From The Weekday Vegetarians: 100 Recipes and a Real-Life Plan for Eating Less Meat by Jenny Rosenstrach
This recipe was born of my desire to add protein to one of our family’s favorite vegetarian dinners: salad pizza, you top a tomato pizza with an Italian-dressing-dressed salad; see page 40. One night, I served salad pizza with a side dish of brothy white beans, storing both leftovers together in a container for lunch the next day. That next day was like a “Who Put His Chocolate in My Peanut Butter” moment—I couldn’t believe how well the salad and the beans melded together. If you have thought to marinate your beans a few hours ahead of time, you will appreciate their deeper flavor in this salad. However, even if you just let the beans swim in olive oil, red wine vinegar, and some fresh herbs for 15 minutes (roughly as long as it takes to assemble the rest of this), you’ll be satisfied with the results. And it goes without saying that this salad is particularly welcome in August and September, when tomatoes are peaking and warm summer days call for minimally invasive cooking.
3 cups Marinated Beans (see below)
1 large bunch Bibb or Little Gem lettuce, torn (about 8 cups)
2 cups quartered or sliced tomatoes, preferably grape or fresh, ripe, and sweet heirlooms
2 tablespoons finely minced red onion
1 cup halved bocconcini (small mozzarella balls) or ½-inch cubes fresh mozzarella
8 large fresh basil leaves, chopped
1/4 cup grated Parmesan cheese
Hand-Torn Croutons (see below) (optional)
- If you haven’t already, prepare the marinated beans and let them sit at least 15 minutes.
- In a large shallow bowl, toss the lettuce, tomatoes, onion, bocconcini, basil, and Parmesan. Toss in the beans with their marinade, and croutons (if using) and serve.
1/4 cup red wine vinegar
1/3 cup extra-virgin olive oil
1 garlic clove, halved
Kosher salt and freshly ground black pepper to taste
8 fresh basil leaves, chopped, or 1 rosemary sprig, left whole
Shake of dried red pepper flakes
3 cups cooked beans, such as cranberry, cannellini, or great northern, or 2 (15-ounce) cans, rinsed and drained
In a medium bowl, whisk together the vinegar, olive oil, garlic, salt, black pepper, basil, and red pepper flakes. Toss in the beans, stir, cover with plastic wrap, and let marinate in the refrigerator for as long as you have—up to overnight, tossing every hour when possible. Keeps in the refrigerator for 3 to 5 days. (Makes 4 small plate portions.)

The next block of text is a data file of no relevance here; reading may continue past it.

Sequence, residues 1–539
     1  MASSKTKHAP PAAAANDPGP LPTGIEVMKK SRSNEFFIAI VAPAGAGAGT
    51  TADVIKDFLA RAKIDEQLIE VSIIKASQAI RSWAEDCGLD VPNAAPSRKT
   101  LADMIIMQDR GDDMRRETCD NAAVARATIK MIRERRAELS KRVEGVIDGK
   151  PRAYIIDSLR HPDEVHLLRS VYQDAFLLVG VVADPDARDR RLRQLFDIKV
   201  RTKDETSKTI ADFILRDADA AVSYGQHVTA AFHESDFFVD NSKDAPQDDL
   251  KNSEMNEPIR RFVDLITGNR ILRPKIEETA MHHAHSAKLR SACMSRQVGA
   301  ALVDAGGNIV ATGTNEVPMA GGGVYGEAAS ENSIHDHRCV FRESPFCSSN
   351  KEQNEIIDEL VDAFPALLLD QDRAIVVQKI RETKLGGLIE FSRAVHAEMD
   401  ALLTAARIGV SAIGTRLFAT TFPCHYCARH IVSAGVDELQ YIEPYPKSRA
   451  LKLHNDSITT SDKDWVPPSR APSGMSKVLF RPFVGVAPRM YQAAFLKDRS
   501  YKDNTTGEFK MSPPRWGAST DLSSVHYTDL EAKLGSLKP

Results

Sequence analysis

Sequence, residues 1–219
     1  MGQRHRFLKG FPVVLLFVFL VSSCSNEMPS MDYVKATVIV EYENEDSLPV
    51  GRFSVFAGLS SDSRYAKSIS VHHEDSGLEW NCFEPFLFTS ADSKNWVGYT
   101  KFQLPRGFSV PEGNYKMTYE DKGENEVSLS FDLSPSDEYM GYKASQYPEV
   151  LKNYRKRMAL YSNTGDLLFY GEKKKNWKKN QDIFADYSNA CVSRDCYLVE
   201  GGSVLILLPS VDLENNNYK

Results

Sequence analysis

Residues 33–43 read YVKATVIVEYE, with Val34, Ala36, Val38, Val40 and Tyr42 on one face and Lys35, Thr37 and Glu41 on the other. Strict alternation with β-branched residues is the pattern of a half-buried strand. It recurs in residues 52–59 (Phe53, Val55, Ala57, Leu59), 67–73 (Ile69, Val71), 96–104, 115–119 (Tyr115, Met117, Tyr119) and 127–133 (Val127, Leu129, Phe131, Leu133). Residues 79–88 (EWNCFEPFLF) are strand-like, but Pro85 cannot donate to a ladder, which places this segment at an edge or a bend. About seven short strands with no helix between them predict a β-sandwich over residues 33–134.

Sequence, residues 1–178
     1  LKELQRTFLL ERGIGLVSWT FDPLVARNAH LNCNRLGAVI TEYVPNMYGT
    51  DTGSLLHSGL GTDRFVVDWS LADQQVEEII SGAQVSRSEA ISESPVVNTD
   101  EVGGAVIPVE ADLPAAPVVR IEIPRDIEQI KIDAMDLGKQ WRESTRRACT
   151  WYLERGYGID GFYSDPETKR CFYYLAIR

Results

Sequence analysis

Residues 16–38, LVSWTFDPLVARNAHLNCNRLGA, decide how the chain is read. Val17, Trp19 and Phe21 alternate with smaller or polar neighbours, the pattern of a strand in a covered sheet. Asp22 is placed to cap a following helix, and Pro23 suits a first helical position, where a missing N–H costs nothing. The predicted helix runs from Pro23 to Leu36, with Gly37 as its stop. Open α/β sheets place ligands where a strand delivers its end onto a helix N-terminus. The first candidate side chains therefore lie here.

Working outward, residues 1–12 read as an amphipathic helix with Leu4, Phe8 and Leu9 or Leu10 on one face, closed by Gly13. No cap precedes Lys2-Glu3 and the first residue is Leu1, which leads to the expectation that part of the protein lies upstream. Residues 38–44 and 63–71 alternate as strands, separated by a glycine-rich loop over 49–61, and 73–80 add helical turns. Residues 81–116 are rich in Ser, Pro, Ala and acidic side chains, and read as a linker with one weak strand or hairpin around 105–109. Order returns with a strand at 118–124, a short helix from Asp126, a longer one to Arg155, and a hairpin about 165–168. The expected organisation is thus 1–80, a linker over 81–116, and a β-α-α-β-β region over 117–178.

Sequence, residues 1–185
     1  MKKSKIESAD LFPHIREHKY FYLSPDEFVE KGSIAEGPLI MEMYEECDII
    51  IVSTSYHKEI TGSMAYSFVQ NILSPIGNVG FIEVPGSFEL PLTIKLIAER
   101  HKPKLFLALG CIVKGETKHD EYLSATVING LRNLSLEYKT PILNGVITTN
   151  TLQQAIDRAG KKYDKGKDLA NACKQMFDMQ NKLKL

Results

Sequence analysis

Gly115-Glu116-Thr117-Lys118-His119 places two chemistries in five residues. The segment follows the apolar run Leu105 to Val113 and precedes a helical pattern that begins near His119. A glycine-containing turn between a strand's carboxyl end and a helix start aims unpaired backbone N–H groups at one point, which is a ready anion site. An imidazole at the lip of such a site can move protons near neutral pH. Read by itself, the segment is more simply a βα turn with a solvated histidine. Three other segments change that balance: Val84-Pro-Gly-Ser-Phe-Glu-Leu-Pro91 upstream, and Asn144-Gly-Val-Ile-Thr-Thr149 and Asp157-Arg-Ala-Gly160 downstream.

4 cups roughly torn (1-inch) bread pieces (any kind, including crusts)
1/4 teaspoon garlic powder
1/2 teaspoon kosher salt
Up to 1/3 cup extra-virgin olive oil
- Preheat the oven to 400°F. Line a sheet pan with foil.
- In a large bowl, toss the bread pieces with the garlic powder and salt. Drizzle in just enough olive oil to coat the bread, not drench it. (This will be somewhere between ¼ and ¹⁄³ cup, depending on what kind of bread you use.)
- Spread the croutons out on the prepared sheet pan and bake until crunchy and golden, 10 to 12 minutes. Let cool before using.
ABOUT THE BOOK
The Weekday Vegetarians
100 Recipes and a Real-Life Plan for Eating Less Meat: A Cookbook
NAMED ONE OF THE BEST COOKBOOKS OF THE YEAR BY TIME OUT AND TASTE OF HOME • “Whether you’re vegetarian or not (or somewhere in-between), these recipes are fit to become instant favorites in your kitchen!” —Molly Yeh, Food Network host and cookbook author
Jenny Rosenstrach, creator of the beloved blog Dinner: A Love Story and Cup of Jo columnist, knew that she wanted to eat better for health reasons and for the planet but didn’t want to miss the meat that she loves. But why does it have to be all or nothing? She figured that she could eat vegetarian during the week and save meaty splurges for the weekend. The Weekday Vegetarians shows readers how Jenny got her family on board with a weekday plant-based mentality and lays out a plan for home cooks to follow, one filled with brilliant and bold meat-free meals.
Curious cooks will find more than 100 recipes (organized by meal type) for comforting, family-friendly foods like Pizza Salad with White Beans, Cauliflower Cutlets with Ranch Dressing, and Squash and Black Bean Tacos. Jenny also offers key flavor hits that will make any tray of roasted vegetables or bowl of garlicky beans irresistible—great things to make and throw on your next meal, such as spiced Crispy Chickpeas (who needs croutons?), Pizza Dough Croutons (you need croutons!), and a sweet chile sauce that makes everything look good and taste amazing. The Weekday Vegetarians is loaded with practical tips, techniques, and food for thought, and Jenny is your sage guide to getting more meat-free meals into your weekly rotation.
Who knows? Maybe like Jenny’s family, the more you practice being weekday vegetarians, the more you’ll crave this food on the weekends, too!